“The three kinds of people I dislike most are Gossips, Liars, and Hypocrites.” –Carole Radziwill 

IF we have a quality Senate today, the changing of the guard, so to speak, or the resignation of one senate president and installation of his successor would be a normal process. 

Senator A is out, Senator B is in. A formal oath taking ceremony for the newly installed senate president takes place. 

As simple as that. And it happens every now and then. 

No beating around the bush; no hubbub; no theatricals. As the popular brand trumpets, “just do it.” 

But because the Philippine Senate today is no longer the kind of institution that best represents our ideals, wisdom and pride, the most recent simple shifting from one leader to another became a below-par melodrama and, to some extent, telenovela. 

Juan Miguel “Migz” Zubiri himself sounded like a bitter person, a crybaby and sore loser who couldn’t accept a rejection. The more he opened his mouth, the more he looked conquered and defeated. In politics, he should know how to fight his battle and when to shut his mouth if it can’t save his ass.   

When Zubiri bade farewell as senate president, tears overflowed on the Senate floor as if he was on his way to seek asylum in faraway Jupiter and never to be back again. 


The scene of a Senator Bato whimpering and yammering like a toddler was no longer news; it didn’t shock us anymore. We’ve seen him perform his award-winning act when he was PNP chief several times. 

What was so astounding and perplexing was the scene where Zubiri and a coterie of snivelers and fussers chipping in their own film academy talents and joining the weeping binge “live” on national television. 

Shocking as their temerity to heap each other with insults, name-calling and backstabbing is, kaplastikan and kadramahan are hardly new among these senators. 

In drenching the Senate with tears over a simple issue involving the resignation of one fellow senator from the top leadership, they must have mistaken the august halls of the Upper Chamber for an audition in the film, One Flew Over the Cuckoo’s Nest.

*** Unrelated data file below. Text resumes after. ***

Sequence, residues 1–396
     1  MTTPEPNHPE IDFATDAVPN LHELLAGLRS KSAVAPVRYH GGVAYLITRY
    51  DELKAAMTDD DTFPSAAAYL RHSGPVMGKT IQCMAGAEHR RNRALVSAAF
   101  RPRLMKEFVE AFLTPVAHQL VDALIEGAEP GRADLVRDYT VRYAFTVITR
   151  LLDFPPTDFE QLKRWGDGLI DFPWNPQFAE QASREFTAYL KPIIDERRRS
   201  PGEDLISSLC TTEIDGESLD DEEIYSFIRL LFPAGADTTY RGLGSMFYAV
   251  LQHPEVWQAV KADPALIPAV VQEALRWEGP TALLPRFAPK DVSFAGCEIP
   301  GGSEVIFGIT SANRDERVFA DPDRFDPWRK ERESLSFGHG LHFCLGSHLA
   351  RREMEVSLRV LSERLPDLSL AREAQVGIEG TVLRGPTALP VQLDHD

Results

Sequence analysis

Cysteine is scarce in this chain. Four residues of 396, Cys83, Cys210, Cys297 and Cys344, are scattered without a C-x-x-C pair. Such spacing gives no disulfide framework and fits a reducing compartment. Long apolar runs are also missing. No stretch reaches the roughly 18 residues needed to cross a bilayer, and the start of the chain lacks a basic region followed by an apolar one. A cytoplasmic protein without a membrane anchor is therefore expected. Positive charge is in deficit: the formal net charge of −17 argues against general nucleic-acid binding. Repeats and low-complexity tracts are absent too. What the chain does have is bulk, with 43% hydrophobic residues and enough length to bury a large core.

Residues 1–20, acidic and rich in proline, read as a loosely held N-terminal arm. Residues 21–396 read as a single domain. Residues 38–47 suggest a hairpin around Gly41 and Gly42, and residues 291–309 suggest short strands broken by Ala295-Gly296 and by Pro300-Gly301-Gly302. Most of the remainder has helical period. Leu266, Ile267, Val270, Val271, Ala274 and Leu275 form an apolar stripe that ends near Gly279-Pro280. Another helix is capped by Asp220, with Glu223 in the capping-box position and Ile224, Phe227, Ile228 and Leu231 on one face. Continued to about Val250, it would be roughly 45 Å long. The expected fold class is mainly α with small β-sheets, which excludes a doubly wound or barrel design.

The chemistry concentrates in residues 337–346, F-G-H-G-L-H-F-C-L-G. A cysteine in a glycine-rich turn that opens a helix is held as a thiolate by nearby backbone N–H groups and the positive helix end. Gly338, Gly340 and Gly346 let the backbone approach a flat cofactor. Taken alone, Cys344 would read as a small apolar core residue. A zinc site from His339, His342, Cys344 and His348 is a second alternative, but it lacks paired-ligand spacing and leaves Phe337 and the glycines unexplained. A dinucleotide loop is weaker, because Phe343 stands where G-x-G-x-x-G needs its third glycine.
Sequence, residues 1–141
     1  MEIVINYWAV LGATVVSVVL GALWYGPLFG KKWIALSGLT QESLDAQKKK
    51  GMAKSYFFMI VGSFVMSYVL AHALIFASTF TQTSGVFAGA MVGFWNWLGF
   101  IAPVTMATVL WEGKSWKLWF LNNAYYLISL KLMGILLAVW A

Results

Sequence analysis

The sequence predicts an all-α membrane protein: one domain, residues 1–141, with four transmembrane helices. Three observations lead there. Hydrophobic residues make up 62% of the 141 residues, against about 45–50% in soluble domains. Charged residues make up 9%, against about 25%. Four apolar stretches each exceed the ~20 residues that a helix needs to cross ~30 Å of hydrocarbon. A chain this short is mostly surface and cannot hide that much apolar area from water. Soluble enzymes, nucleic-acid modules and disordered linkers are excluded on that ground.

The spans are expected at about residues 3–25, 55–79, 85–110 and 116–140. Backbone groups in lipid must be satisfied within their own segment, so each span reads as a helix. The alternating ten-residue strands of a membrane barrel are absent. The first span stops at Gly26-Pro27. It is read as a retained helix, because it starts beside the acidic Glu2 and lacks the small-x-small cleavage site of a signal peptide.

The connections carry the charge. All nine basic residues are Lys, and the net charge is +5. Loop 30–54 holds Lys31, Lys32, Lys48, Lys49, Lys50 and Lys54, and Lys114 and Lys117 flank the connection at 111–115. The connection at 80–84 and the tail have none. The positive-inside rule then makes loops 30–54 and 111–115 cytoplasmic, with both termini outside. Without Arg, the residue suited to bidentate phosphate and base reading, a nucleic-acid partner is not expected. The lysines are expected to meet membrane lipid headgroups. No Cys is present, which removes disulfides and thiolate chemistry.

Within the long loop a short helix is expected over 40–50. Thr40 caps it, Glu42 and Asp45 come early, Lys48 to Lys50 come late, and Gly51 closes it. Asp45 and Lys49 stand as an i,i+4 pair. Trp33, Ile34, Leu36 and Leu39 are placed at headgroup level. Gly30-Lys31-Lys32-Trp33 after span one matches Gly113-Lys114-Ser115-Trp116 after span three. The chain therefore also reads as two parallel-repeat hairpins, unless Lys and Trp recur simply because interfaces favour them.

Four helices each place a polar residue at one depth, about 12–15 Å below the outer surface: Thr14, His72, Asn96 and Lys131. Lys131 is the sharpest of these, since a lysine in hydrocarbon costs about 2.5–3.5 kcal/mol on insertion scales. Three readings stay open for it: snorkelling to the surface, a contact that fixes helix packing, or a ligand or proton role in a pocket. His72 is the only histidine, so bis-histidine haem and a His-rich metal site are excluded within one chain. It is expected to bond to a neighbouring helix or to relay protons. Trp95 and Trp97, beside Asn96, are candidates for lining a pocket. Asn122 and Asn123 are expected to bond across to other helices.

One day if the aliens or “living creatures” from other planets and constellations invade us, we will have to parade Bato, et al to deal with the visitors.  

Lasers will have no match versus the senatorial tears or tears of the hypocrites.  


I received an email from Damayan, a grassroots organization that serves and empowers low-wage Filipino migrant workers living and working in New York City and New Jersey, especially domestic workers and labor trafficking survivors, to inform that it is hiring an LCM for a full-time job.  

“Dear Alex, I’m excited to share that Damayan Migrant Workers Association is hiring a Lead Case Manager! The full job description is here and at the bottom of this email,” wrote Riya Ortiz, Damayan Migrant Workers Association executive director. 

“If you think you are a good fit, then I encourage you to apply. Please also share with your network and to those who you think would be a great fit. 

“We would love to answer any ideas or questions you have at hiring@damayanmigrants.org. Thank you so much for your support as Damayan continues to grow!” 

Damayan was established in 2002 by a group of Filipina domestic workers experiencing employer abuses, like illegally refusing to pay minimum wage, termination without cause or notice, and working overtime without compensation. 

LCM is a key member of the team that oversees all areas of case management (immigration, labor and health), direct services and service referrals, and trainings. Reporting to the Executive Director, the LCM will supervise a Services and Training Associate (once position is filled), and work alongside our organizing team as well as operations, communications, and development. 

(The author, who is now based in New York City, used to be the editor of two daily newspapers in Iloilo.—Ed)